State MP for Oxley, which covers Dorrigo, is Nationals leader and deputy premier An- drew Stoner, who is also min- ister for trade and investment.
He advised The Echo through his media spokesperson, ‘The closure of any business and loss of jobs is disappointing particularly in regional NSW.’
‘NSW Trade & Investment has provided advice, introductions and other business facilitation services to Pelena Energy over several years via our export advisers and business development managers on the north coast. The department also provided a grant to assist the company to develop a strategic marketing plan and website.
‘Pelena Energy contacted Trade & Investment on March 22 in relation to its current difficulties. It is understood that the decision to close the operation is purely a commercial decision.’
In reply, Mr Lynch says, ‘We received $2,549, which was less than half the total cost of
developing the website at that time. No assistance has been provided to Pelena Energy in any way before or since this date in 2004, despite numerous applications and meetings.’
Hydro not entirely ignored by govt
But hydro hasn’t been completely ignored by the O’Farrell/Stoner government.
In 2011, the same year they were elected, Business Spectator reported that $300,000 was awarded to NSW hydro company Waratah Power, for ‘funding to pursue research in small-scale run-of-river hydro schemes in NSW’.
As of 2013, Waratah Power’s website is light on detail regard- ing its projects or achievements. Its chairman Graham Hart is also a former ‘career banker.’
Mr Lynch queries why his company was excluded from the funding. ‘Mr Stoner was noticeably embarrassed about this grant funding when I met with him in Dorrigo last year.
‘Prior to Mr Stoner’s election to government, he was literally punching the air in Dorrigo on one electorate visitation stating “Dorrigo – micro-hydro capital of Australia!” The enthusiasm for supporting an innovative company in his electorate has significantly, and demonstrably, waned.’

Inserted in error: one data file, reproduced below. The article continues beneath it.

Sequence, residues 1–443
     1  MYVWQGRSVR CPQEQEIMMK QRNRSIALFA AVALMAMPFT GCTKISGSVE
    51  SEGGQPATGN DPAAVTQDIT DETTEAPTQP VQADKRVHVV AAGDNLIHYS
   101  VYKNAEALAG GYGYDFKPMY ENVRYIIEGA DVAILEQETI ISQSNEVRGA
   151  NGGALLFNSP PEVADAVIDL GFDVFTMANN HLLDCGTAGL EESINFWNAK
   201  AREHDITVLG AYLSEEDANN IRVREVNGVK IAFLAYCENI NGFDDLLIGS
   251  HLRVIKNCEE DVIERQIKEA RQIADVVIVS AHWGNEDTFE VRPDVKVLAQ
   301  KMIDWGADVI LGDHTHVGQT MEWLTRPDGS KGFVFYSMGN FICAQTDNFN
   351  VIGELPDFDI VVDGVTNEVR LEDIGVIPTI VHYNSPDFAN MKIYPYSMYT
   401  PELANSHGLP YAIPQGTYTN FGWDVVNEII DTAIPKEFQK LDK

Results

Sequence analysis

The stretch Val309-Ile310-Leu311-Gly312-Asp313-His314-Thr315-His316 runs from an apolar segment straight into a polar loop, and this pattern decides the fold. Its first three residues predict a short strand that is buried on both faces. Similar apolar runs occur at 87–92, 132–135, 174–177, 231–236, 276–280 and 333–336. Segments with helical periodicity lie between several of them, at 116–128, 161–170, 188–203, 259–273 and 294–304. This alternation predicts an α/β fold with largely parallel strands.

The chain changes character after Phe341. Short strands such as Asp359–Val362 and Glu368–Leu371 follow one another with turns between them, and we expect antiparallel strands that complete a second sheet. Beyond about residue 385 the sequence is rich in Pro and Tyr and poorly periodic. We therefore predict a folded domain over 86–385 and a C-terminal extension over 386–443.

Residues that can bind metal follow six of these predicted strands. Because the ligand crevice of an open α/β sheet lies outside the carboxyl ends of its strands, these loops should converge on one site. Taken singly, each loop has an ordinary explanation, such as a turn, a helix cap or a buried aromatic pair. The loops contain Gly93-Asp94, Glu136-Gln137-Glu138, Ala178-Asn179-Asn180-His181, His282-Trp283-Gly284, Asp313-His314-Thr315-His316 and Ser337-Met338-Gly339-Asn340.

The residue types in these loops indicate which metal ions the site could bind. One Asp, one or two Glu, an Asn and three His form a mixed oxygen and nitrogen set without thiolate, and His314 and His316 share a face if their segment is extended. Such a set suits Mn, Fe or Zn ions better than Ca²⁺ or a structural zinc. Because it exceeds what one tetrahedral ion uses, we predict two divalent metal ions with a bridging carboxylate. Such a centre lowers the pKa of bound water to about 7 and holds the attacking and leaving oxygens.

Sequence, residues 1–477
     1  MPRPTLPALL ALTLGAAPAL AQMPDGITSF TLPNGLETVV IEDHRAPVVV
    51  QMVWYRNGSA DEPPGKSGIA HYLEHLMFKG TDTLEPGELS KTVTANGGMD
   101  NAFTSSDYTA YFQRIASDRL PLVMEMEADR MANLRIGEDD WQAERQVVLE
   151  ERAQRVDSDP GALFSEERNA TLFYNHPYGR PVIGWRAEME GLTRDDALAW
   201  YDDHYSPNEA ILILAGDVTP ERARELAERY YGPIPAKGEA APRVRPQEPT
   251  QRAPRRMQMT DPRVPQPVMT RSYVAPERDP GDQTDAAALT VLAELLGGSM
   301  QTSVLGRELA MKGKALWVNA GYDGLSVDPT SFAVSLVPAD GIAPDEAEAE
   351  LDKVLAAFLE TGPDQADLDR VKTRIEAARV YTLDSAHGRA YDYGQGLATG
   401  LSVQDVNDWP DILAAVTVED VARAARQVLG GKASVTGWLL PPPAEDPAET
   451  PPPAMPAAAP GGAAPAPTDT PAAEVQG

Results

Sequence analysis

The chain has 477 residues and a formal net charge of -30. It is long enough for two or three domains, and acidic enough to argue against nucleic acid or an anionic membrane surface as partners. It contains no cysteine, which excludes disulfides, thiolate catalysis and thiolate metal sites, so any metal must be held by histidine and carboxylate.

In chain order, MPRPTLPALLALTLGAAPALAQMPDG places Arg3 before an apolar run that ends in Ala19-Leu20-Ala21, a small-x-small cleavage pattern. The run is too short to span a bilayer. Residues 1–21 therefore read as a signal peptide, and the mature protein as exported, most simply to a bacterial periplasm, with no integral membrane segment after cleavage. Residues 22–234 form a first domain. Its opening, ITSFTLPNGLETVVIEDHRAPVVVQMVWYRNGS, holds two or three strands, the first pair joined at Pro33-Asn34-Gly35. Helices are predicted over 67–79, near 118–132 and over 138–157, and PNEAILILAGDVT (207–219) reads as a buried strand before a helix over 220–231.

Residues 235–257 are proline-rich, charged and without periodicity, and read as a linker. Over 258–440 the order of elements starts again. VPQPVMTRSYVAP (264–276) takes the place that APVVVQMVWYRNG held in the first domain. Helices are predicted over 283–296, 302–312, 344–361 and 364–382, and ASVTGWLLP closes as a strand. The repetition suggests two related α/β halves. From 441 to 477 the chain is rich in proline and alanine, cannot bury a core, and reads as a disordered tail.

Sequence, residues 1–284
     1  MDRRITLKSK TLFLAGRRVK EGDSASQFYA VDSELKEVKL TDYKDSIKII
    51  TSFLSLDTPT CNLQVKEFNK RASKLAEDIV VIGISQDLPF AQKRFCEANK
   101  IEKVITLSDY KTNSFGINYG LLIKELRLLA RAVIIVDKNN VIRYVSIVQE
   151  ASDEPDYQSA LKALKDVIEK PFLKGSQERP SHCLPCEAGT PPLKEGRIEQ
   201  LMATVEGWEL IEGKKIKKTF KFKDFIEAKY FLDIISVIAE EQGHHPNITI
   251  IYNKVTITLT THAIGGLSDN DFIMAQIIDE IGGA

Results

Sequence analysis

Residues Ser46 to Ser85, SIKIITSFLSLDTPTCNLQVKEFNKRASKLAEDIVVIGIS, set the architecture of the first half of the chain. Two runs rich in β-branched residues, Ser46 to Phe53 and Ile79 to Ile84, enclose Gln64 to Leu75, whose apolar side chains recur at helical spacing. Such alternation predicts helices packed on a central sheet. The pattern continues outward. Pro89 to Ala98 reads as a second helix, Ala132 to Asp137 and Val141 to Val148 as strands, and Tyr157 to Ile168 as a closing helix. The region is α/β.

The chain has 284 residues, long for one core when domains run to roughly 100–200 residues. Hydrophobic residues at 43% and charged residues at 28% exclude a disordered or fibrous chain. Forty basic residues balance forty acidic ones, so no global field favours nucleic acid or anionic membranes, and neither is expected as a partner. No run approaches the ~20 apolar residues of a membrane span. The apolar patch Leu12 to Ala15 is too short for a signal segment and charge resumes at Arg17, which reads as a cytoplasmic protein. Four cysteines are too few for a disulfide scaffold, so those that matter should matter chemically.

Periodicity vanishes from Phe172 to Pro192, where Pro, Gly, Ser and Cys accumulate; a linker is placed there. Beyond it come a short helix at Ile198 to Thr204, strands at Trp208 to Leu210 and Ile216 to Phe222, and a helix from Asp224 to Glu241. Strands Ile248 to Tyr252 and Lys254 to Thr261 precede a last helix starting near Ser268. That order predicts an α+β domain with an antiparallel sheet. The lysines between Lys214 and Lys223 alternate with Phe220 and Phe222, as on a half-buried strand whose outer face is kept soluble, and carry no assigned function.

MP Hartsuyker: no political weight
As for federal Nationals MP Luke Hartsuyker, who repre- sents the Division of Cowper, his spokesperson told The Echo there is ‘no recent record of contact’ from Pelena Energy or Peter Lynch.
‘We made representations around four or five or years ago,’ he said. Mr Hartsuyker was una- vailable for further comment as he was travelling by plane.
In return, Mr Lynch says Mr Hartsuyker has ‘made the statement a number of times that he has “made representation” in Canberra on our behalf.’
‘This has, without exception,
resulted in no support or posi- tive outcome. Our experience with Mr Hartsuyker has been one of the most disappointing aspects of relocating to rural NSW as he demonstrably has no political weight with either the Nationals or in Canberra.’
Meanwhile energy market advocate Mark Byrne from the Total Environment Centre told The Echo that state and local environment planning instru- ments are prohibiting projects such as these from succeeding.
‘Specifically the Environmen- tal Planning And Assessment Act 1979 needs to be amended to reflect hydro technology.’
Perhaps the most illuminating aspect of the disconnect with how hydro – a technology that has been around at least a century – has been marginalised.
‘Last year Tony Abbott came to Dorrigo,’ says Mr Lynch.
‘I was with the chamber of commerce so I got to introduce myself and my invention.
‘When I told him of the is- sues I was facing getting it off the ground, a glaze came over his eyes. It was a significant point where I realised that the people talking to people like him are not showing them what is possible. The solutions are here and now.’
When asked by The Echo why he doesn’t sell his units on eBay for example, he said, ‘Each attempt has been thwart- ed by successive barriers in legislation to get them installed on a large scale in NSW, or thwart- ed by an apparent government incentive program only to have micro-hydro “specifically excluded” at the last minute in favour of PV solar technologies and, to a lesser extent, wind.’
Mr Lynch made the point that after media coverage on his technologies, he inevitably gets a barrage of calls for orders.
Due to planning legislation and CEC guidelines however, he is unable to sell the units in Australia. For more visit www. pelena.com.au while the web- site is still online.